Starting a pineapple plant from a top is easy. Growing pineapples from slips or even seeds is simple too. Lots of pineapple pictures show you exactly what to do.
Starting a pineapple plant from a pineapple top is easy. First, you have to remove the top from the ripe fruit. The best way is to wrap your fist (careful, the leaves are sharp) around the base of the top and twist it off.
Do this when you're ready to eat the pineapple as the fruit will decay more quickly without its top.
Now, you can either place the top in water--just enough to cover the little root bumps--or you can stick it directly into a pot of soil.
I've had great results both ways.
Next, you need to remove the lower leaves.
They peel right off. Keep going until you see a few rows of little bumps.
Those little bumps are the beginnings of roots.
I've even put pineapple tops directly into the ground in late spring and had success with that method as well.
Pineapple plants are tough. You could even leave the top laying on your kitchen table while you spend the weekend in the Bahamas and root it when you get back. It'll be fine.
How do I know this? Don't ask.
If you start it in water, remember to change the water every couple of days. You'll have roots in about a week.
Now, it's ready to go into the ground or a pot of soil.
Each pineapple plant will bear just one fruit in its life. However, before the original plant dies it will send up one or more suckers or slips.
These slips can arise out of the soil very close to the base of the original plant or they can emerge from the stalk that bore the fruit. So, after you pick the fruit, don't remove the plant. Just continue to care for (or neglect) it as you always have. The slips will appear over the next few months.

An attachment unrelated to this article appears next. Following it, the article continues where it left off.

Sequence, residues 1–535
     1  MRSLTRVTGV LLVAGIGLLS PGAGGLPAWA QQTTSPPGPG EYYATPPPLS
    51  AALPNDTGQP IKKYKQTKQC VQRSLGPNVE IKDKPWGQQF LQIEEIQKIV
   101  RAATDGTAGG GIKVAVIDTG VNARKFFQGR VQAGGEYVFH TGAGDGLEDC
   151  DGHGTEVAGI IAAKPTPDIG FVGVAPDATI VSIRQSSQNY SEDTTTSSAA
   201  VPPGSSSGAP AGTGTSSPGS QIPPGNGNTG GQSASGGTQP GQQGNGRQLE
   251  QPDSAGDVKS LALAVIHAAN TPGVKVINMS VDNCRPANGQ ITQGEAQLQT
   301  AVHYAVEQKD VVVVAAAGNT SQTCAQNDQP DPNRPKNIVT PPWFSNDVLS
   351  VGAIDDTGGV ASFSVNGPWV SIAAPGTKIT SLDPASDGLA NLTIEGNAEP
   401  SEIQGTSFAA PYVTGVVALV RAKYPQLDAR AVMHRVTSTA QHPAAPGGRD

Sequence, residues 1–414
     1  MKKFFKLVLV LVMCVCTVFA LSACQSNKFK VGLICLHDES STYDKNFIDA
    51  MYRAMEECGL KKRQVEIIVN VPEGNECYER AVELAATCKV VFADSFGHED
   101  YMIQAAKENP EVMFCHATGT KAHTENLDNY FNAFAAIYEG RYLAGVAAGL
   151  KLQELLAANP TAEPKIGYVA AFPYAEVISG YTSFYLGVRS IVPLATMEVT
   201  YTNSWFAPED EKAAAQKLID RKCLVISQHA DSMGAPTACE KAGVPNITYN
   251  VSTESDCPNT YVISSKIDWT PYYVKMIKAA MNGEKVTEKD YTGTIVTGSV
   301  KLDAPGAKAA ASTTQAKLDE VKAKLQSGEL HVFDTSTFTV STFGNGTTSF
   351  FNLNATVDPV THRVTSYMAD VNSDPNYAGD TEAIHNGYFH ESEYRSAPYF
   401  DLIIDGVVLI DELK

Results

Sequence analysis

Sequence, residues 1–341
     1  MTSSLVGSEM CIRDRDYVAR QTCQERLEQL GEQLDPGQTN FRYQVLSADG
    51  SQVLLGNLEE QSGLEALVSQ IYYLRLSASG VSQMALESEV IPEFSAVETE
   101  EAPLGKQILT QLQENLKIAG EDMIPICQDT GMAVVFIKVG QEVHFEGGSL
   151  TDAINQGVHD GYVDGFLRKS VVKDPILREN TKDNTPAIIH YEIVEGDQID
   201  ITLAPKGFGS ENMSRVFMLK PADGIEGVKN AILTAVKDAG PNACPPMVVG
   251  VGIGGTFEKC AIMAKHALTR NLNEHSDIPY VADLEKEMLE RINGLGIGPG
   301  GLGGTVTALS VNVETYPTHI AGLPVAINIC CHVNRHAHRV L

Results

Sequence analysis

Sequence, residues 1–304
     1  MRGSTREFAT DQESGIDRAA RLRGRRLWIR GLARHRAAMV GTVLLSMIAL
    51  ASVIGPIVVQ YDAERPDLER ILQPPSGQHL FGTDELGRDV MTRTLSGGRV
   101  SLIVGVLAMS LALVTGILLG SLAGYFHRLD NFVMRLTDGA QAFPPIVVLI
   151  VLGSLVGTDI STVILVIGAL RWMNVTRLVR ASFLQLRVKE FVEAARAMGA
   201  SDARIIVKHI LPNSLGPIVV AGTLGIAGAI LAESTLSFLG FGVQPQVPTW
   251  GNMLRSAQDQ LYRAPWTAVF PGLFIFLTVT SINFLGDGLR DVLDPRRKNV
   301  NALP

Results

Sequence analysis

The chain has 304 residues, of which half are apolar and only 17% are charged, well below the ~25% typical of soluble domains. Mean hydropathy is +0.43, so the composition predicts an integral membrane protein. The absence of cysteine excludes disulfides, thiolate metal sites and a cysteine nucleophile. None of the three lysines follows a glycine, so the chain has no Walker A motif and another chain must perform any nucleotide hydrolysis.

Once the slips show up, let them gain some size.
Once they're about a foot tall, remove the slips by cutting them away from the original plant at the base. Place them directly into prepared soil, the same as you would if you were planting a pineapple top.
This page discusses the pros and cons of separating pineapple slips from the mother plant.
Growing a pineapple from seed is an exercise in patience, but here's how to do it:
This is the point at which I lost interest in this experiment. It just takes too long. All the while you're trying to keep the moisture level in the jar just right. Too little and the seeds dry out. Too much and mold sets in.
I'll stick to starting a pineapple plant with a top or a slip.
But you're not a quitter like me. You want to continue growing the seedlings:
It will take much longer to get big plants this way, but you will have the satisfaction of watching the pineapple plants grow from tiny seedlings into three foot wide adults.
And who knows what new cultivar you might discover. Seeds are a result of insect pollination and foster genetic diversity in plants. You could end up growing a white pineapple, or a red pineapple. Or one with beautiful striped leaves.
All because you decided to accept the challenge of starting a pineapple plant from seed.
Delicious Fruits You Can Grow at Home